On that note, we dip into the subject of temptation, and how she constantly struggles with trying not to revert back to the same way of thinking that she once had when she was the party girl getting drunk in Miami and ending up in “bad situations." She tells me that staying engulfed in her Bible and making sure that she isn't just working for God, but actually spending time with Him is important in helping to keep her thoughts and her attitude in check.

When it comes to love, God blessed Dana with her one when she found her heart in human form in self-proclaimed "Pastor in Business" Prince Donnell. Her partner, her lover, her best friend, the two have been partners in business for a while, as well as partners in life, having made things official by tying the knot. The proud "couplepreneur" have a marriage and a business relationship deeply rooted in their mutual love of God and one another.

"For me, I needed more than a man who was going to love me, but to challenge me to become an extraordinary woman. To us, it's the most attractive thing we love about each other. I remember sitting with my Father and telling him I think it's time for Prince to leave his job and come work with us. You helped make our first million dollars. I praise God for giving me the ability to fire my husband's boss," she shared in an Instagram post.

"For me, I needed more than a man who was going to love me, but to challenge me to become an extraordinary woman."

"It took him a little while to find his footing, but with LOTS of prayer, rebuilding, reshaping his mindset and support he's begun to obsessively figure out new ways to use what the Lord gifted him with to become a resourceful, the sexiest thing about Him is his love for God and I can't help to stare at him awe when he works hard to provide for our families and our future. Our endless conversation and intentional practices we use to force each other to think and grow into a level of consciousness necessary to be there for one another spiritually, mentally, and as an entrepreneur is what keeps our relationship going. I love you so much and love the man you're becoming... let's never stop holding one another accountable."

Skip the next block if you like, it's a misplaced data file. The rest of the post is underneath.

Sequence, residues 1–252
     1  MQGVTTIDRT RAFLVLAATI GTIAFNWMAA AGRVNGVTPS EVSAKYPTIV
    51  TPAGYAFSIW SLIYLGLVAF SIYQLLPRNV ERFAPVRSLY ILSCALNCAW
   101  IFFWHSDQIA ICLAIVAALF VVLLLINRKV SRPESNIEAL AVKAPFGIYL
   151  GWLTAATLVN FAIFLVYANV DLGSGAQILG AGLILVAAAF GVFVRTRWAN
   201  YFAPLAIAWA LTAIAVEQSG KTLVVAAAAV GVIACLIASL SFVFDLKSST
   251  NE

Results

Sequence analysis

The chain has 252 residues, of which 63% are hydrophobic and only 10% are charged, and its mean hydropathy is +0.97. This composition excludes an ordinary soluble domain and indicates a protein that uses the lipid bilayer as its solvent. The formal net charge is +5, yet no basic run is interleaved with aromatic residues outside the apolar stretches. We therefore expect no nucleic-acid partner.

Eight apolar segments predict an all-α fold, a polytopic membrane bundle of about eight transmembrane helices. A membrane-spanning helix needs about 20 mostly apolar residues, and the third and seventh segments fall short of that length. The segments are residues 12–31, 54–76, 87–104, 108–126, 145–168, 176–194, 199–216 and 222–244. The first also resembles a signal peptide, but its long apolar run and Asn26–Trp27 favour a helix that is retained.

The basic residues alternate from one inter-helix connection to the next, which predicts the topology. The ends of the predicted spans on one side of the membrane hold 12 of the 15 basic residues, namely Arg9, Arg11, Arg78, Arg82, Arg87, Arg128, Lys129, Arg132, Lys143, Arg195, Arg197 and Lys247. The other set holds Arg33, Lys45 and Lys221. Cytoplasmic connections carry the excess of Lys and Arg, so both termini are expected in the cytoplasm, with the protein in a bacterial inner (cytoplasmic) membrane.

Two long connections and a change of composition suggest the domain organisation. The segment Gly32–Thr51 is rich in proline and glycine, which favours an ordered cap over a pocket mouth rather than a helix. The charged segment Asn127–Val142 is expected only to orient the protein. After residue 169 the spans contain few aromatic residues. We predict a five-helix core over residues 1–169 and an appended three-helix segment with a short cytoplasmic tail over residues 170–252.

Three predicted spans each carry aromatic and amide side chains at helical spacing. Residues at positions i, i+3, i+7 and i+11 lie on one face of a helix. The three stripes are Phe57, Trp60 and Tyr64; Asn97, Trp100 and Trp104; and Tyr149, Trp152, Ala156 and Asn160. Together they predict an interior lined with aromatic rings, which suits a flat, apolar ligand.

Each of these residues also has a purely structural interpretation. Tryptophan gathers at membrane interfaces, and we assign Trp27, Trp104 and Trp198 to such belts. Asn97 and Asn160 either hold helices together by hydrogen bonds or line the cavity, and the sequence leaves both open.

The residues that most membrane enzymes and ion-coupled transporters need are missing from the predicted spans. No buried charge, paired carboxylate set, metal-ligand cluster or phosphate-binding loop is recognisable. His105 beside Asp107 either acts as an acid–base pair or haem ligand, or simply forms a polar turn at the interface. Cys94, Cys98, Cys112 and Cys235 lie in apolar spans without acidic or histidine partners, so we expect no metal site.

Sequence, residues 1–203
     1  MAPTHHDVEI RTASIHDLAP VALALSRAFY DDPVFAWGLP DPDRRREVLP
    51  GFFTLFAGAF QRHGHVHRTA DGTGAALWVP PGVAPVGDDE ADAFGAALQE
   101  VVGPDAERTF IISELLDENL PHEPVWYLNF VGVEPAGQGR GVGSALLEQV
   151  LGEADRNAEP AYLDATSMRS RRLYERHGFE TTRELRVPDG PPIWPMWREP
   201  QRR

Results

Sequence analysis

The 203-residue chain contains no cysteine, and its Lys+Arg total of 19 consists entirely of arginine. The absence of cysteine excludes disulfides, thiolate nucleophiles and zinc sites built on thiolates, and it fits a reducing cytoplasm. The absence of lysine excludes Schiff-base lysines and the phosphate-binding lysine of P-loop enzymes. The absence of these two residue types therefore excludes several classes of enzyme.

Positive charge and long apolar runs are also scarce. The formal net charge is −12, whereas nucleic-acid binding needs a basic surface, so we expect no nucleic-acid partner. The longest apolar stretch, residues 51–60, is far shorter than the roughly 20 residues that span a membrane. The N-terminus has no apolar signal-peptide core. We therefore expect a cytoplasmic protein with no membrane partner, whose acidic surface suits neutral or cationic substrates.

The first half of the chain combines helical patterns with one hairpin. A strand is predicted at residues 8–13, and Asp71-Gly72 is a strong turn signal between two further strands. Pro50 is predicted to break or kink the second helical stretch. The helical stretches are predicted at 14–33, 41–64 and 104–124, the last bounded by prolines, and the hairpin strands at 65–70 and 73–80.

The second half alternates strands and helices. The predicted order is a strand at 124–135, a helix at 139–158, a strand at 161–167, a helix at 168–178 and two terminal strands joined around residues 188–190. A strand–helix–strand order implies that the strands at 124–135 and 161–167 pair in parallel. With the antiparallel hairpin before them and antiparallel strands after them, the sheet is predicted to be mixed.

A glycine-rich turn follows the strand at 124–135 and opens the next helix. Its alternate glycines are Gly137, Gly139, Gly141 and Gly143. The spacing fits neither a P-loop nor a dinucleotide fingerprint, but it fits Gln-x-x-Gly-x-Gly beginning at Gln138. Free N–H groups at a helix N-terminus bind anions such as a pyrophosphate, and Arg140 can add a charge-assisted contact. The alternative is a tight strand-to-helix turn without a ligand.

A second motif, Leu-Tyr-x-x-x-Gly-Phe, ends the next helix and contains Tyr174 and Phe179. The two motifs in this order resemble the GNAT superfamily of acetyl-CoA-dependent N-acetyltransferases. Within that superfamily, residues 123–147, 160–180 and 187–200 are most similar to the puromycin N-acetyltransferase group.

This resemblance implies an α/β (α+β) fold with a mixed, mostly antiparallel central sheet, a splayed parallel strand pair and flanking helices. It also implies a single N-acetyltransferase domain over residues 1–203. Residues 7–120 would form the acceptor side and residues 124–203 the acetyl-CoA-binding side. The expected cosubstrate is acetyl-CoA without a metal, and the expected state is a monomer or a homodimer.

Love is a beautiful thing. Especially when you can tie it to your purpose.

Together, Dana and Donnell work diligently to spread the wealth of their knowledge with the world. She recently opened a 2000-square foot office in Philly called coWorking Faith for Christian entrepreneurs. There, she spends a lot of time giving workshops on how to create apps and monetize your business to Christians.

Dana's just like the rest of us—a work in progress, but progressively working to fulfill her purpose, as well as helping to guide others to their purpose. From the pulpit to the boardroom.

For more of the Sprinkle of Jesus founder, follow her on Instagram.

ACLU By ACLUSponsored

Over the past four years, we grew accustomed to a regular barrage of blatant, segregationist-style racism from the White House. Donald Trump tweeted that “the Squad," four Democratic Congresswomen who are Black, Latinx, and South Asian, should “go back" to the “corrupt" countries they came from; that same year, he called Elizabeth Warren “Pocahontas," mocking her belief that she might be descended from Native American ancestors.

But as outrageous as the racist comments Trump regularly spewed were, the racially unjust governmental actions his administration took and, in the case of COVID-19, didn't take, impacted millions more — especially Black and Brown people.

To begin to heal and move toward real racial justice, we must address not only the harms of the past four years, but also the harms tracing back to this country's origins. Racism has played an active role in the creation of our systems of education, health care, ownership, and employment, and virtually every other facet of life since this nation's founding.

Our history has shown us that it's not enough to take racist policies off the books if we are going to achieve true justice. Those past policies have structured our society and created deeply-rooted patterns and practices that can only be disrupted and reformed with new policies of similar strength and efficacy. In short, a systemic problem requires a systemic solution. To combat systemic racism, we must pursue systemic equality.

What is Systemic Racism?